The Newtown Pentacle

Altissima quaeque flumina minimo sono labi

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The banal joy of it all is what today’s post explores.

– photo by Mitch Waxman

Have to admit that despite my confession to suffering from a bit of a rut, which is a seasonal complaint often offered at this time of year, the places which I continually find myself seldom disappoint. Case in point today are shots collected from the Queens side of the fabled Newtown Creek, amongst the concretized wasteland of DUPBO (Down Under the Pulaski Bridge Onramp). Pictured is a view of my beloved Creek looking towards Greenpoint and the GMDC (Greenpoint Manufacturing and Design Center) found at the Manhattan Avenue Street End in Brooklyn from DUPBO, which is ultimately kind of a depressing image for me. Your humble narrator has been spending far too much time in Brooklyn lately, and not enough in Queens.

– photo by Mitch Waxman

Brooklyn is lost in soliloquy again, currently obsessing over ways to spend its ExxonMobil settlement money. There’s all sorts of stuff going on over there, with everyone in 11122 cooking up an idea to mulch this or compost that and applying for funding. It’s all good stuff, but gardening isn’t going to do much against the torrents of waste and sewage which flow out of Manhattan everyday. Greenpoint is the Mississippi delta of municipal waste, and Manhattan is an upstream pig farm whose shit pipes flow directly into the river. Western Queens, on the other hand, knows exactly what role it is expected to play in Manhattan’s gang of subordinates and doesn’t pretend not to know.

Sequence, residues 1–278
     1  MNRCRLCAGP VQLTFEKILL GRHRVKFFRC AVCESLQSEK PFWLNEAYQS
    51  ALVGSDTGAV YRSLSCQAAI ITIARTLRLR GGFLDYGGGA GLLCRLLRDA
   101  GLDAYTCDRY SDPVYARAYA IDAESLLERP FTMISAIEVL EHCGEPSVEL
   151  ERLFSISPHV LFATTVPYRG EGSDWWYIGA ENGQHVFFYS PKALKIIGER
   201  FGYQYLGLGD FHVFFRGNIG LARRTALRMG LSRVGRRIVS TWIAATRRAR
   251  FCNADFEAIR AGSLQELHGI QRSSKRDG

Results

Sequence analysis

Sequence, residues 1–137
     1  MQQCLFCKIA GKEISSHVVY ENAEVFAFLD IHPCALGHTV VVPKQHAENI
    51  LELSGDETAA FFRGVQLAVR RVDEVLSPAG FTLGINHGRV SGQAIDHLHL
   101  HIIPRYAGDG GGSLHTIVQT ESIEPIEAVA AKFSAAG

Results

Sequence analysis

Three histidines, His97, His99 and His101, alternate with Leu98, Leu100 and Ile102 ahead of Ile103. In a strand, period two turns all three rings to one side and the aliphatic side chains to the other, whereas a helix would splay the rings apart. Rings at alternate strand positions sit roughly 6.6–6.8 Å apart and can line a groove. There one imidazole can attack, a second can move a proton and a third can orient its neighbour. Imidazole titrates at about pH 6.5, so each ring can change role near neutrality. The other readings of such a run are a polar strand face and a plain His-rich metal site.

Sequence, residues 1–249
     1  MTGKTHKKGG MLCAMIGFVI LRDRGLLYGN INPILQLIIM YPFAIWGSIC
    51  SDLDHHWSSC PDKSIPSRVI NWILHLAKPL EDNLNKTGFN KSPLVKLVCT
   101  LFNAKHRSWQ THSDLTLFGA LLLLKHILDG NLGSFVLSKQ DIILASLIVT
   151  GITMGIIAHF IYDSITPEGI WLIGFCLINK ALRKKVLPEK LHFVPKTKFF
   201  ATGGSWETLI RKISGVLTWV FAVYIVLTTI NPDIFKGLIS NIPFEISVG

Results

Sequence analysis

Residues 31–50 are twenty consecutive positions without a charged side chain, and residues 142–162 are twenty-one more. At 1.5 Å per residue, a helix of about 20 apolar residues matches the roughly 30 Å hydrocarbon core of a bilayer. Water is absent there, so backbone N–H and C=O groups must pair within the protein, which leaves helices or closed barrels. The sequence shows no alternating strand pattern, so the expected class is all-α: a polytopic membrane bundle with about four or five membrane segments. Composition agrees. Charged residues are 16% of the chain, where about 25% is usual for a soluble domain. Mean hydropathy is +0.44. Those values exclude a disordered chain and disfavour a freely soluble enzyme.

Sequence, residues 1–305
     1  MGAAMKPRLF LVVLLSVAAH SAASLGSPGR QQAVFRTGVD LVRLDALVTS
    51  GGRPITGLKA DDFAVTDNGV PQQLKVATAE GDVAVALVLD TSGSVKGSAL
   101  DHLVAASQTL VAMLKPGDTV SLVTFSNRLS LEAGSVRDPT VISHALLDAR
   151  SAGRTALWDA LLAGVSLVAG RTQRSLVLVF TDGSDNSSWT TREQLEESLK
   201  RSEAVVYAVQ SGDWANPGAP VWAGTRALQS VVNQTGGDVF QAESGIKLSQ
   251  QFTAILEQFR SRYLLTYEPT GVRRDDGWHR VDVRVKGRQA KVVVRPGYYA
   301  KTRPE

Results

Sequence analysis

– photo by Mitch Waxman

Carpet baggers from all over the City and State, sometimes from other states even, can smell the cash over in Brooklyn and want to take a bite. Foundations and think tanks roam about over there, pronouncing the need for “green infrastructure” (gardening) and other buzzy concepts which the masters over on Manhattan (and their Brooklyn representatives) have decided on as the fix for all things related to sewage runoff. I’m not against it, of course, how can you stand up against gardening? It’s just that over in Queens, We’ve got a highway which feeds a couple of hundred thousand auto trips a day into a tunnel that is just a couple of blocks from the Creek. Said highway runs alongside the concentrating point of all rail on Long Island, which is neighbored by two major automobile bridges (Queensboro and Triborough).

How can you garden your way out of that?

“follow” me on Twitter- @newtownpentacle

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